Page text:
Morinville – The program room of the Morinville Community Library was filled with the sounds of children being creative Wednesday night. Approximately 22 boys and girls came out to the library’s first Lego Club session, a new program that will be held on the first Wednesday of the month from 6 p.m. to 7:30 p.m.
The idea to start the club came from nine-year-old Lego enthusiast and library volunteer Diego Oyarzun who has been working with the plastic connecting blocks since he was four. For Oyarzun, stacking Lego lovers in a room together made as much sense as stacking the blocks together to make something unique.
“It would bring everybody together so that everybody could see everybody else’s ideas and they might get some building experience for themselves,” Oyarzun said of his motivations for pitching the idea of a Lego Club.
It is the limitless permutations and combinations possible with the building blocks that keep Oyarzun working to hone his Lego skills. “You can do whatever you want with it,” he said. “If you want to make a car, you can make a car. If you want to make a ship, you can make a ship. If you want to make a person, you can make a person.”
Five years into working with the endless stream of kits and products made by the Danish company, Oyarzun finds his current tastes running towards the Halo themed kits. “I like the Halo kit because the figures are not blocky; they are more rounded and they can move their arms and stuff,” he said.
Another Lego enthusiast who came out to the club’s inaugural evening was seven-year-old Alex Yeo. For Yeo, the opportunity to build new things was what attracted him to the new club. Yeo said he is particularly attracted to Lego because of the action figures that come with the kits. Though dressed in a Star Wars Lego hoody, The Lucas Lego are not his favourite. “There’s one better,” he said. “Batman.”
But children were not the only ones smiling Wednesday night. Parents were pleased to see their children engaged in an activity with other local children.
For Morinville Community Library Manager Isabelle Cramp, seeing her program room full yet again with a new activity was cause for joy. “I’m very pleased,” she said. “I’m not entirely surprised because I knew it was going to be very popular. But I’m happy to see how well tonight is going. That gives me great hope that the Lego Club’s going to be around for a long time.”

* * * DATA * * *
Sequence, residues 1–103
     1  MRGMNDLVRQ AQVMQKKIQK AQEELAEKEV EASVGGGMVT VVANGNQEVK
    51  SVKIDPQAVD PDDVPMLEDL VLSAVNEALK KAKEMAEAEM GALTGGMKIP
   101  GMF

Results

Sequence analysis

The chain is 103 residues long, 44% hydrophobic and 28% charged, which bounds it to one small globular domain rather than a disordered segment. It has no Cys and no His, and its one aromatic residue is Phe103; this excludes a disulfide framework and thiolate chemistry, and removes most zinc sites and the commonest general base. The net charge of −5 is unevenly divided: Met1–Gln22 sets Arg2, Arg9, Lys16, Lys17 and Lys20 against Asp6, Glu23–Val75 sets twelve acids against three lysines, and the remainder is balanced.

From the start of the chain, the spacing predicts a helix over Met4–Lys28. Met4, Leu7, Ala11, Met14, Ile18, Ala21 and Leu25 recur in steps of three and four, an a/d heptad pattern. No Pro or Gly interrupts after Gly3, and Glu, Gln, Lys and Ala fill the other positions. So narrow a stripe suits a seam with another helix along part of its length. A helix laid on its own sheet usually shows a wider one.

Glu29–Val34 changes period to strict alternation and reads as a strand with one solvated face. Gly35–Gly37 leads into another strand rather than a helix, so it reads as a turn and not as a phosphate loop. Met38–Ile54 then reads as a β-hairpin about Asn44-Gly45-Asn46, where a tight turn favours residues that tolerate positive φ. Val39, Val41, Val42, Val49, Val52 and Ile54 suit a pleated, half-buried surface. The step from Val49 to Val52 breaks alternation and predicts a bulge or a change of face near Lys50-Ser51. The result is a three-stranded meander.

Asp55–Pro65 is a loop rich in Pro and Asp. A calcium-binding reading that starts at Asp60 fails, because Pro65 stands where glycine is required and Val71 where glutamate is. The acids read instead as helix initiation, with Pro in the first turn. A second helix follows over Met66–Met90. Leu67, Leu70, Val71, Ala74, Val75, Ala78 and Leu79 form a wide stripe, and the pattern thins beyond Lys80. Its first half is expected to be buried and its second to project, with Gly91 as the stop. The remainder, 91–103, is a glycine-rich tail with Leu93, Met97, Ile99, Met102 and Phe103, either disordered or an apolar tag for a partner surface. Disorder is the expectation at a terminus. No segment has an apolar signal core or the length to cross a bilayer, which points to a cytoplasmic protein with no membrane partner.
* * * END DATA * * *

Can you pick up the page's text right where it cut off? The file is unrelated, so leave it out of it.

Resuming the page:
Lego has been popular at the library prior to the arrival of buckets of the plastic blocks. “We know it is popular because we carry Lego books,” Cramp said. “They’re always popular. We know there is a lot of love for Lego. I think Lego is one of the toys that you don’t really outgrow. You can be 50 years old and still be hooked on Lego. I think it is because of the creation part of it. You can take the same pieces and make all kinds of things. I think people connect with that.”
One group of adults who have connected with the idea of Lego in the library is the Friends of the Morinville Public Library, a non-profit society that raises funds for library supplies and program equipment. The volunteer group donated the funding for the initial supplies and have committed to supporting the program with ongoing funding as needed.
“That’s a very good fit for them,” Cramp said. “It’s something where it doesn’t matter the age. Everybody is welcome to the club. I think they are going to enjoy shopping for Lego and helping us collect a good collection for our members. You can never have enough Lego.” The library is also accepting donations from the public for new or used Lego.
Cramp said the success in club registration has prompted the library to take a list of names to see if there is sufficient interest in a Saturday Lego Club.
For more information call the Morinville Community Library at 780-939-3292
Above left:Four-year-old Ryan Hanssen concentrates on his next building project at the Morinville Community Library’s Lego Club Mar. 6. – Stephen Dafoe Photos
Above Right: Alex Yeo (7) focuses on his creative side.